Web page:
Brexit could be bad news for British food safety, experts warn

Posted: 14 November 2017 | | No comments yet

Brexit could have serious implications on the UK food manufacturing industry which is already struggling to maintain consistent levels of food safety compliance, two leading North-East specialists have cautioned.

food safety

WHAT DOES THE FUTURE HOLD: There could be trouble ahead for food manufacturers barely getting by at the moment.

At the 2017 European Food Safety & Standards Conference in Greece, Dr Derek Watson, from the University of Sunderland and John Husband, a director of Stockton-based food safety training specialist at Totrain, outlined the impact of leaving the EU on the food manufacturing industry.

They argued that the number of accidents or incidents in the sector is already a cause for concern but could become even worse after Brexit. This forms the basis of their paper entitled ‘Brexit and the Implications of Food Safety Cultural Compliance in the Food Manufacturing Sector.’

Dr Watson said: “Food safety is a critical measurement, not just for economic and legal reasons but also for the moral integrity of the organisation. However, in reality the number of accidents or incidents in the food manufacturing sector is very worrying.

“The recent 2 Sisters Food Group case is just one example of what can happen when a positive food safety culture, moral values and ethics of an organisation are compromised in the name of profit.

“The problem is further compounded with the onset of Brexit. Given the floundering UK governments negotiation talks it  has resulted in a climate of uncertainty, a devaluation of currency and economic instability.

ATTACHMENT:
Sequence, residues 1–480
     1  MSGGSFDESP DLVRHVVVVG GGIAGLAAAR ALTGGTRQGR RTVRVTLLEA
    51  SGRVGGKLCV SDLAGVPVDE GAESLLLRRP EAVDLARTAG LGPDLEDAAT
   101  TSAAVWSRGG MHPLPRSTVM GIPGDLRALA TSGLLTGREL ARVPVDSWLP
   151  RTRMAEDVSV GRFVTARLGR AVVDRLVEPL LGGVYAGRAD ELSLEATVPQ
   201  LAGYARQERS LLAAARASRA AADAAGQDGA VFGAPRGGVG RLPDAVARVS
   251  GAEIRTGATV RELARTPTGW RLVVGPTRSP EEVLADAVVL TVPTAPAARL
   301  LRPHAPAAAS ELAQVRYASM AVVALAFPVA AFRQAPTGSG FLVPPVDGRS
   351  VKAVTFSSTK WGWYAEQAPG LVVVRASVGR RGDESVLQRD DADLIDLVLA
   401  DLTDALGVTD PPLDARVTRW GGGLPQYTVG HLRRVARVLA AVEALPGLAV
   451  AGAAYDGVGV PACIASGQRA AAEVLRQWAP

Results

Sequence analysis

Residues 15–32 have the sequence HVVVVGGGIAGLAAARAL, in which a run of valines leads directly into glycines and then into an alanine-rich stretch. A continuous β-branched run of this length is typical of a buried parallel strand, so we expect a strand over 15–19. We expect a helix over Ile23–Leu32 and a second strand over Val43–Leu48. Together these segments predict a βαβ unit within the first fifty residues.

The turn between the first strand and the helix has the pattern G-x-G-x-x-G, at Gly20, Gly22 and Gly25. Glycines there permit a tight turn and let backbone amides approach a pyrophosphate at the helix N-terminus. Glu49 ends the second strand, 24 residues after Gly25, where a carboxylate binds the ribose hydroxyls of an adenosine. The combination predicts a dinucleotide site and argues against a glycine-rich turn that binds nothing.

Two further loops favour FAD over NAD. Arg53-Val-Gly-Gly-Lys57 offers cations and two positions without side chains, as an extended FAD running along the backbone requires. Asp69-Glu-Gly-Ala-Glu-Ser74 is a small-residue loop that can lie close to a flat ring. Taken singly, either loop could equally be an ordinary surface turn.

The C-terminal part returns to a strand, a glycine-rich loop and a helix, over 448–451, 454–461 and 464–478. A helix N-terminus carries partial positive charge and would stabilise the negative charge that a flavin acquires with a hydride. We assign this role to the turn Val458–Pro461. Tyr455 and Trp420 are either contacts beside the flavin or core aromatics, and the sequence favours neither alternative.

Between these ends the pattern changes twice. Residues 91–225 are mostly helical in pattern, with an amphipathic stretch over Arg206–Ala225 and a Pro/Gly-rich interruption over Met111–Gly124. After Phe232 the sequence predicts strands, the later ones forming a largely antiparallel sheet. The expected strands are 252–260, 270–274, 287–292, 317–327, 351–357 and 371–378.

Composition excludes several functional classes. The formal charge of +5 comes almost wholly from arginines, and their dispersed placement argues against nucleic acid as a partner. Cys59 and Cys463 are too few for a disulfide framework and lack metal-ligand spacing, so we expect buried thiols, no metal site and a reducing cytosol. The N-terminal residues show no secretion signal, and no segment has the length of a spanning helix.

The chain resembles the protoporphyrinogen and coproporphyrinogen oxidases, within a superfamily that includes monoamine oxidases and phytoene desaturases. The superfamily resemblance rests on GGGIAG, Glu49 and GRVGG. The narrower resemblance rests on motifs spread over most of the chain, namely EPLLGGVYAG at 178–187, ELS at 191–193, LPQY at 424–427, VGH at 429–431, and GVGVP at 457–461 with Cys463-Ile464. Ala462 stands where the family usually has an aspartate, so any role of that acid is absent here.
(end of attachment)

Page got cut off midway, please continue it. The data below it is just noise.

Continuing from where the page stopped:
“Food manufacturers, along with other commercial businesses are reluctant to further invest until the economic future is more transparent. In consequence, food manufacturers are seeking efficiency saving, whilst aiming not to compromise food safety compliance.

“Whilst there are areas of best practice, sadly there are an increasing number of examples in which failure to comply to food safety is resulting in loss of business, serious injury and in certain cases fatalities.”

To support their paper, Dr Watson and Mr Husband will share research that was conducted as part of the launch, by Totrain, of ‘enlighten’ its innovative online training product which, for the first time, enables food manufacturers to measure food safety culture in the workplace.

Mr Husband said: “We consulted five UK food manufacturers and the data collected clearly indicates a commitment to food safety compliance.

“However the majority of organisations struggled to maintain consistent levels of food safety compliance despite implementing costly training and development initiatives.

“Their strategic and operational drive to both enhance and maintain a positive food safety culture was also undermined with the uncertainty of economic pressures and the quagmire of Brexit.”

Among the recommendations Dr Watson and Mr Husband made at the conference in Athens on  November 13 and 14 was for organisations to consider the utilisation of the enlighten model in the pursuit of enhanced  and sustained cultural compliance within the food manufacturing sector.

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